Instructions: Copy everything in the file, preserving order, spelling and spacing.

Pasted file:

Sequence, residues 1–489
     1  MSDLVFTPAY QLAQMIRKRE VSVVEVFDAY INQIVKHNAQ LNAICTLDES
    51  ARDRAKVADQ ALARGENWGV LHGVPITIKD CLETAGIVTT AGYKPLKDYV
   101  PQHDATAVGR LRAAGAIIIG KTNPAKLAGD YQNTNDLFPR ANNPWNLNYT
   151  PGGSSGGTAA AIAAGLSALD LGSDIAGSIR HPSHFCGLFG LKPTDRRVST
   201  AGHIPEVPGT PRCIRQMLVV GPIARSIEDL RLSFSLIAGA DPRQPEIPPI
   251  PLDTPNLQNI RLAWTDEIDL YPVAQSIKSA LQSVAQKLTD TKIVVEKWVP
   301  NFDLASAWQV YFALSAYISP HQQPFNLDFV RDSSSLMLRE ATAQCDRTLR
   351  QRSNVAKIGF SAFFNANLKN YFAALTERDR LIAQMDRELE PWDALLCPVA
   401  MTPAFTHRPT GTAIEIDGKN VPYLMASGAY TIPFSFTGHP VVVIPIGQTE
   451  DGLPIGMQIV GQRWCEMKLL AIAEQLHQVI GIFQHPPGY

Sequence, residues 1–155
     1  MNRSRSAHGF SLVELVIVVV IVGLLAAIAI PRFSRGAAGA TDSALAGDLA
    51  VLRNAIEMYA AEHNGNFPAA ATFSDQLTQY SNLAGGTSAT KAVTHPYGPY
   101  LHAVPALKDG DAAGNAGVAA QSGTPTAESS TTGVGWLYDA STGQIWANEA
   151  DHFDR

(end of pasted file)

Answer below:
Sequence, residues 1–489
     1  MSDLVFTPAY QLAQMIRKRE VSVVEVFDAY INQIVKHNAQ LNAICTLDES
    51  ARDRAKVADQ ALARGENWGV LHGVPITIKD CLETAGIVTT AGYKPLKDYV
   101  PQHDATAVGR LRAAGAIIIG KTNPAKLAGD YQNTNDLFPR ANNPWNLNYT
   151  PGGSSGGTAA AIAAGLSALD LGSDIAGSIR HPSHFCGLFG LKPTDRRVST
   201  AGHIPEVPGT PRCIRQMLVV GPIARSIEDL RLSFSLIAGA DPRQPEIPPI
   251  PLDTPNLQNI RLAWTDEIDL YPVAQSIKSA LQSVAQKLTD TKIVVEKWVP
   301  NFDLASAWQV YFALSAYISP HQQPFNLDFV RDSSSLMLRE ATAQCDRTLR
   351  QRSNVAKIGF SAFFNANLKN YFAALTERDR LIAQMDRELE PWDALLCPVA
   401  MTPAFTHRPT GTAIEIDGKN VPYLMASGAY TIPFSFTGHP VVVIPIGQTE
   451  DGLPIGMQIV GQRWCEMKLL AIAEQLHQVI GIFQHPPGY

Sequence, residues 1–155
     1  MNRSRSAHGF SLVELVIVVV IVGLLAAIAI PRFSRGAAGA TDSALAGDLA
    51  VLRNAIEMYA AEHNGNFPAA ATFSDQLTQY SNLAGGTSAT KAVTHPYGPY
   101  LHAVPALKDG DAAGNAGVAA QSGTPTAESS TTGVGWLYDA STGQIWANEA
   151  DHFDR